Ah, yes. A few weeks and a million snotty tissues ago, Shaun and I celebrated our anniversary by going to dinner here:
The best thing about eating at Beast is that THERE ARE NO DECISIONS TO BE MADE. For me, not having to decide is the ultimate luxury. Normally when I go out to a fancy dinner, I feel a LOT of pressure to choose something good to eat, because we don't have the opportunity to do it often. And that sinking feeling when your dining companion has ordered something sublime and your food is merely so-so? Ugh. Such a tragic waste.
At Beast, everyone eats the same five or six courses. If you're really going all out, you order the wine pairing as well. It's like being at a fabulous dinner party, one with a staff of people to quietly whisk away your empty plates and wine glasses and immediately replace them with fresh ones.
There are two long communal tables in the single room, and the prep station is right there as well. It's good fun to watch your next course being plated in front of you.
It would have been even more fun had the room been filled to capacity (maybe Portlanders don't like to eat dinner at 8:45?), but we still lucked out with our dinner companions, a couple celebrating their 6th anniversary who came and sat next to us. It was immediately obvious that they are not natives of the Pacific Northwest. She was wearing a lovely summery dress with a wrap around her shoulders, and he was decked out in full sartorial splendor with a dark navy sports coat, an oversize-scaled blue and white gingham shirt (with actual cuff links), and a stripey-textured tangerine-colored tie. In contrast, the crowd at the far end of the table was wearing faded jeans and fleece vests. Our new friends turned out to be from Manhattan. Not New York, mind you, Manhattan. They were an interesting couple to spend the evening with.
Adding to the "this is the best dinner party ever" feel was the soundtrack of the evening. I think we own albums from everyone they played: Bob Dylan, Tom Waits, even Johnny Horton. Fantastic.
Here's our menu, with a few comments:
WHITE ASPARAGUS VELOUTE
FRENCH OLIVE OIL
When I first saw the menu, I thought it seemed a little pretentious to mention the olive oil. Wrong. It was SO GOOD, and it made one of the best five soups I've ever eaten even better. It was served in a vessel shaped like a sake cup, so it was hard to get to it all. Some of the brighter people at the table tipped the cups over and poured the last few drops onto their spoons. It was that good.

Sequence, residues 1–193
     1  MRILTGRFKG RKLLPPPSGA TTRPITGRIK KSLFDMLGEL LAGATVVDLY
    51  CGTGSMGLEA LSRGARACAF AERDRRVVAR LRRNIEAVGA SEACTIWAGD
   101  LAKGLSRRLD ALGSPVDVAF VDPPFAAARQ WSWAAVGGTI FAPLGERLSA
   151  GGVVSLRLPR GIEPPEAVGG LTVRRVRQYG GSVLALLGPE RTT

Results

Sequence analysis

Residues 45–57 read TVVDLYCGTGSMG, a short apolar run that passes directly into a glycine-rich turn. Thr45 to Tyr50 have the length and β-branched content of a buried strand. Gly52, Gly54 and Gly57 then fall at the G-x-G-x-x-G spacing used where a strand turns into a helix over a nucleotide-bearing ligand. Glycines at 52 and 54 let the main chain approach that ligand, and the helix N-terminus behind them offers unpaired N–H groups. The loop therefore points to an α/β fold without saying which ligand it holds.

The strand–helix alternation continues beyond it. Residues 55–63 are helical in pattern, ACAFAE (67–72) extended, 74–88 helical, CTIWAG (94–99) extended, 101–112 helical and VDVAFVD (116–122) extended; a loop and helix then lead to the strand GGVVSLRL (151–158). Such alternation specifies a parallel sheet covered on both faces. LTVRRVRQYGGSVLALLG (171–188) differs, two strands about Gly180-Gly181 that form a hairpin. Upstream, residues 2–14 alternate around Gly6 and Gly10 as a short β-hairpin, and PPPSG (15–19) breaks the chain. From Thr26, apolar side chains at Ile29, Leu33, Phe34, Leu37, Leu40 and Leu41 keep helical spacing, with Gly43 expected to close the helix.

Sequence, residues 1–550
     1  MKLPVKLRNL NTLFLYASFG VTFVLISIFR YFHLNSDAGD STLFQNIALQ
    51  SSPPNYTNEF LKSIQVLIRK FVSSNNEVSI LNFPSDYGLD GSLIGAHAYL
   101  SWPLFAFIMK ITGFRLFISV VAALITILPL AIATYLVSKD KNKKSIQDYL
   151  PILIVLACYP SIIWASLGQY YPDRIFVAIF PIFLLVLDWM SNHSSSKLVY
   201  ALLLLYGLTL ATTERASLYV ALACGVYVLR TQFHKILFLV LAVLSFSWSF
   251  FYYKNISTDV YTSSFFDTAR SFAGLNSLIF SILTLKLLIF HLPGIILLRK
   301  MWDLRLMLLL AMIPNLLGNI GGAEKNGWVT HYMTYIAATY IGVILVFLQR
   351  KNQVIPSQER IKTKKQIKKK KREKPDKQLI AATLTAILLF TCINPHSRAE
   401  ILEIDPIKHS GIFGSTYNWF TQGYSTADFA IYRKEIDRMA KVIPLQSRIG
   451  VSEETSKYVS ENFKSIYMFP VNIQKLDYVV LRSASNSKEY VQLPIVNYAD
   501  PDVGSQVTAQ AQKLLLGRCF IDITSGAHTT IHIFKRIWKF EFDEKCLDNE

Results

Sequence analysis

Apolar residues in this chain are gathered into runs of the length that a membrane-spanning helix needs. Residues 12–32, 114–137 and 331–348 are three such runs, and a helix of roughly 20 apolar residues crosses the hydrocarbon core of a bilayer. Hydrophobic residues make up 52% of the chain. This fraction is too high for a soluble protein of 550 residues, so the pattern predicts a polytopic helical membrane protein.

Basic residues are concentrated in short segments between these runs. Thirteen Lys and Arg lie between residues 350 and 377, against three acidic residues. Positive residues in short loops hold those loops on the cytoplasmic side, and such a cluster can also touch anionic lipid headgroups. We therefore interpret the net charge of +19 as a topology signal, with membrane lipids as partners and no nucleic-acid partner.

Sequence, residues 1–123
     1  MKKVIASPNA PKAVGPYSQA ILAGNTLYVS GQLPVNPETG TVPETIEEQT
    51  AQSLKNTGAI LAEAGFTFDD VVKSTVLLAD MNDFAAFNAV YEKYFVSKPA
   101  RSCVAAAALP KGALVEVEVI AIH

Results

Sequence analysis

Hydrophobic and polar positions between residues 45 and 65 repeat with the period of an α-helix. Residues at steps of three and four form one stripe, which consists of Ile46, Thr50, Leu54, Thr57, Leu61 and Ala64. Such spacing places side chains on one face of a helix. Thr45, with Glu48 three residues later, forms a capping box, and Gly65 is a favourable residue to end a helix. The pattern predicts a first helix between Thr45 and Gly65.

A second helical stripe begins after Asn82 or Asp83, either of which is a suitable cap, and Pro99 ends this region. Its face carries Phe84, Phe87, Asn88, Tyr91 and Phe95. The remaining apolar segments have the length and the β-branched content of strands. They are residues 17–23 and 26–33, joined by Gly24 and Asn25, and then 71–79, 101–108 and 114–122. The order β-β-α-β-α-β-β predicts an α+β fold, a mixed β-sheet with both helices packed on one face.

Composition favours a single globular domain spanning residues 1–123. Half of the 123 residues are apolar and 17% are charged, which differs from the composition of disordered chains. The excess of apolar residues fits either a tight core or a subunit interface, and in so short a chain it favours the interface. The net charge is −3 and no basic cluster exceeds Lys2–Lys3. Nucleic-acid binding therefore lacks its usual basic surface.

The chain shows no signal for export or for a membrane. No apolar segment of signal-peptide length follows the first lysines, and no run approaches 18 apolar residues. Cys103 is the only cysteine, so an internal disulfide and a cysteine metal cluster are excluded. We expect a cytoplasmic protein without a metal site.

FOIE-GRAS BON-BON, SAUTERNES GELEE
STEAK TARTARE & QUAIL EGG TOAST
PORK, PORK LIVER, SOUR CHERRY & PISTACHIO PATE
CHICKEN LIVER MOUSSE, MAPLE CANDIED BACON
The first two items on the list were the star of the show. I really loved the steak tartare--Shaun wasn't as impressed. But the foie gras bon-bon...holy cow. It was a pefectly formed dome of foie gras on top of a peanut shortbread the size of a quarter. There seemed to be some sort of salty glaze covering the whole thing. And then, perched on top, was the cube of sauternes gelee (gelled sweet white wine.) Now, I understand that the production of foie gras is a morally dubious enterprise at best, but sweet fancy Moses, I have tasted the Dark Side and it is DELICIOUS.
Next came a palate-cleansing sorbet of campari and orange (? I can't remember for sure because they didn't even write it on the menu) that was one of our favorite things.
SEARED SONOMA ARTISAN DUCK BREAST
NEW POTATO & ROASTED MOREL MASH
PEA TENDRILS & DUCK DEMI-GLACE
LOVED the duck. The potato mash had nice big chunks of morels and was perfectly seasoned, plate-licking good. The duck demi-glace was a little too sweet and syrupy on the pea tendrils for my taste, so I didn't finish that. But, with three more plates of food to come, I was kind of grateful.
SEARED GIANT SEA SCALLOP
FAVA BEAN & MINT SALSA
GROUNDWORK SPRING LETTUCES & LEMON VINAIGRETTE
This is the only plate that was a total miss for me. The mint was overpowering, and a giant cold scallop is not my favorite thing to eat. The vinaigrette tasted a little too thin and lemony, but this might have only been because of all the rich food that preceded it. It was a very springtime-y dish, and other folks seemed to enjoy it. Ah, food. So subjective.
SELECTION OF STEVE'S CHEESE
ANISE & FLEUR DE SEL SHORTBREAD
POACHED FRUIT, CANDIED HAZELNUTS
The biggest surprise of the evening was that I didn't really care for any of the three cheeses on the cheese plate. The accompaniments were another story. The nickel-sized shortbreads were beautiful and tasted so good. So did the candied hazelnuts, and I don't even like hazelnuts all that much.
RHUBARB TARTE TATIN
AGED BALSAMIC ICE CREAM
This is another one I liked more than Shaun did. It could have used less rosemary...somehow the flavors didn't quite come together all the way. But I still thought it was really good. The perfect ice cream melting on the warm, ultra-flaky pastry and rhubarb...mmmmm...
It was a properly celebratory meal, and I just found out they serve brunch on Sundays. I can't wait until next Mother's Day.